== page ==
Lockheed Martin - none | Glassdoor
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There are newer employer reviews for Lockheed Martin

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Helpful (1)

"none"

Star Star Star Star Star
  • Work/Life Balance
  • Career Opportunities
  • Comp & Benefits
  • Senior Management
Current Employee - Senior Mechanical Engineer in Orlando, FL
Current Employee - Senior Mechanical Engineer in Orlando, FL
Recommends
Approves of CEO

Pros

Good pay and ability to work in a great tech company.

Cons

There is a "good ole boy" environment that makes promotions difficult.

Advice to Management

none

Other Employee Reviews for Lockheed Martin

  1. Helpful (1)

    "It can be what you make of it (especially for entry-level jobs), but go in with eyes open."

    Star Star Star Star Star
    • Work/Life Balance
    • Career Opportunities
    • Comp & Benefits
    • Senior Management
    Current Employee - Anonymous Employee in Aurora, CO
    Current Employee - Anonymous Employee in Aurora, CO
    Recommends
    Approves of CEO

    Pros

    There is so much variety of work in the larger company that you're almost assured of finding something good if you look long and hard enough. The sheer breadth of opportunity means that a career can be a rich and varied experience.

    Also, the work LMC does is often critical in protecting friends and loved ones from harm, which is deeply satisfying. It is easy to feel like your work makes a real difference in the grand scheme of things.

    In the lower pay grades, employees are given the opportunity to prove themselves in challenging assignments as a matter of course, and the development resources for these employees are numerous. The better managers are constantly engaging employees, looking for feedback, and are genuinely concerned with employees' welfare and workload.

    Cons

    The biggest downside: Some branch of the U.S. Government is almost always the customer. The U.S. Government can be the most mercurial, bureaucratic, and, yes, downright petulant customer in the world, and often makes unreasonable or impossible demands. This is compounded by management's timidity and lack of support from higher-ups in dealing with these kinds of situations. It's manageable most of the time once accustomed to it, but a prospective employee MUST clearly understand this going in, or he/she will become dissatisfied quickly

    Recognition is weak. No matter how hard someone works, or how far above and beyond he/she goes, the attitude is often one of, "Well, that's your job." It is not my job to go-go-go to the point of burnout. There is also too much usage of forced distributions for things such as performance appraisals, "merit" raises, and promotions. Worse is the use of "penetration" as a factor in merit raises--if you did well in previous years, you are punished for that success in later years in the form of lower raises once you get above the midpoint of your salary band, even though appraisals are supposed to cover a one-year period. The only way out of the situation is to be promoted, except that promotions, especially in middle and higher levels, are artificially limited (a cost-cutting measure, most likely) regardless of demonstrated ability to work above your grade or penetration in band. At the very least, more transparency in the process is sorely needed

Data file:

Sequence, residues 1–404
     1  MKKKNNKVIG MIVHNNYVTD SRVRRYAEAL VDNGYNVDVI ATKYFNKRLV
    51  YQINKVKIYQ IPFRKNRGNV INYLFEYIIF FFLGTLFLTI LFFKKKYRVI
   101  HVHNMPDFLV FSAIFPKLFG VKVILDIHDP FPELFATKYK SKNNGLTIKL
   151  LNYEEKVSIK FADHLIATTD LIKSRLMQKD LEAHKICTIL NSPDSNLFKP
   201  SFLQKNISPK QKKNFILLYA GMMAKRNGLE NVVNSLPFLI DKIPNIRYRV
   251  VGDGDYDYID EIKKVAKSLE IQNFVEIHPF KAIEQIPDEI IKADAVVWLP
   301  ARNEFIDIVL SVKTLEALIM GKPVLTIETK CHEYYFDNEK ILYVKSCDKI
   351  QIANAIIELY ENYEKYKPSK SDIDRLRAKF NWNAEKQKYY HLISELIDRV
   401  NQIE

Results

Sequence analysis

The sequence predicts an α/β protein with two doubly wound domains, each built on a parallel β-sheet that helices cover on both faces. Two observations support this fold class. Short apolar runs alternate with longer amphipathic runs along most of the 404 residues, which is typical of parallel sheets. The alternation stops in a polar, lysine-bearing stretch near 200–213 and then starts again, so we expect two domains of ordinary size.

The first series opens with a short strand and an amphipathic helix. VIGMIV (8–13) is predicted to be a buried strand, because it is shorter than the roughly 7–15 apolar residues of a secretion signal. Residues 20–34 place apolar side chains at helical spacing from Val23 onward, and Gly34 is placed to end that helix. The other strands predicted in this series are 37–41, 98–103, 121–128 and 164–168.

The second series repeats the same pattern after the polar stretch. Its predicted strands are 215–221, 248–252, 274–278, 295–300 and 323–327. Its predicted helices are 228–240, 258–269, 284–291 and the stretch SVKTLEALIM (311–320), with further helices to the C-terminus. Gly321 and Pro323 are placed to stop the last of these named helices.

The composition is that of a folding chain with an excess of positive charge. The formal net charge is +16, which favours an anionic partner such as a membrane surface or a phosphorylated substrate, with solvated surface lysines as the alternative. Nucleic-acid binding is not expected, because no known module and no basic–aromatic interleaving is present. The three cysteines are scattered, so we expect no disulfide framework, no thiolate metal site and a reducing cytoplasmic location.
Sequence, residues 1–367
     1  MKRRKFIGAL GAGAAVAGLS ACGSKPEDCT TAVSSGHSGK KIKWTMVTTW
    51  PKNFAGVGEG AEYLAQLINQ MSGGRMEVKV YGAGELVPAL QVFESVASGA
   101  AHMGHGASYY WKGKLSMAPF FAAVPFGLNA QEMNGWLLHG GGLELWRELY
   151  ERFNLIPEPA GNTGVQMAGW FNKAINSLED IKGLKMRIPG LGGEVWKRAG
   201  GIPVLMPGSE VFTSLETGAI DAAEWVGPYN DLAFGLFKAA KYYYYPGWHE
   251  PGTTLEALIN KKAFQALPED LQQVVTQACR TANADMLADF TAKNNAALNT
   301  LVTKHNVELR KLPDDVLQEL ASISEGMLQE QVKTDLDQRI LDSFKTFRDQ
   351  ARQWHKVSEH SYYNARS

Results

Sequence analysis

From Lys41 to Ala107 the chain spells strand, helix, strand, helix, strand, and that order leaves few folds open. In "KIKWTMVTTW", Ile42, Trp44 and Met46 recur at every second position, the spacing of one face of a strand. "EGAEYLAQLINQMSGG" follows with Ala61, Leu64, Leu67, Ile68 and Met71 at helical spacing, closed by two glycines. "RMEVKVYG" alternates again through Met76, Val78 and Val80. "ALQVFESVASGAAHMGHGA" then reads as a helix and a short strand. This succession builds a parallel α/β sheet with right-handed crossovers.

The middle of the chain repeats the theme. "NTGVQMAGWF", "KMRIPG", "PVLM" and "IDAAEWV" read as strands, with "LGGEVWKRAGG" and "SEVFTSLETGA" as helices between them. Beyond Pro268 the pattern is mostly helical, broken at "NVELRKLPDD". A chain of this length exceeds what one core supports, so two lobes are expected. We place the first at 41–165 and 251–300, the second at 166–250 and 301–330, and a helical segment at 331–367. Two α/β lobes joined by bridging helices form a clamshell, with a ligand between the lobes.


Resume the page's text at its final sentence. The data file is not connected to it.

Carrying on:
It often feels like the company is constantly trying to get new college graduates at the expense of developing its existing workforce (again, they're cheaper to pay even though they're expensive to hire). This is especially true if you are level 3 (Senior) or higher.

    Due to the bureaucracy of working for such a large company, even the best managers are often powerless to actually do much about concerns raised by employees due to the corporation's stubborn commitment to its way of doing things.

    Advice to Management

    Learn to say "no" to the when it's required, and stand behind your people better rather than throwing them under the bus at the merest whiff of trouble.

    If a person has demonstrated the ability to work at a higher pay grade, he/she should be promoted, rather than waiting for a slot in some arbitrary allocation system. It is not possible to be "rank heavy" if employees have demonstrated the ability to work at a certain level, regardless of what some Human Resources employee read in a book somewhere. If you don't commit to the development and advancement of mid-level employees (individual contributors) and above, they will go to an employer who will make that commitment. At the very least, more credence should be lent to the use of bonuses at merit time to reward employees who do well, especially "overpenetrated" employees.

    Stop being so tone-deaf to the concerns of your employees. At least treat concerns with respect and understanding, rather than being dismissive.


  2. "A safe haven in bad economy"

    Star Star Star Star Star
    • Work/Life Balance
    • Career Opportunities
    • Comp & Benefits
    • Senior Management
    Current Employee - Software Engineer in Sunnyvale, CA
    Current Employee - Software Engineer in Sunnyvale, CA
    Recommends
    Approves of CEO

    Pros

    job stability, work not too challenging so you don't worry about doing a bad job.

    Cons

    work is boring at times, too much discipline and process.

    Advice to Management

    Plan well, educate employees more on the high level design of systems.


There are newer employer reviews for Lockheed Martin
There are newer employer reviews for Lockheed Martin

See Most Recent

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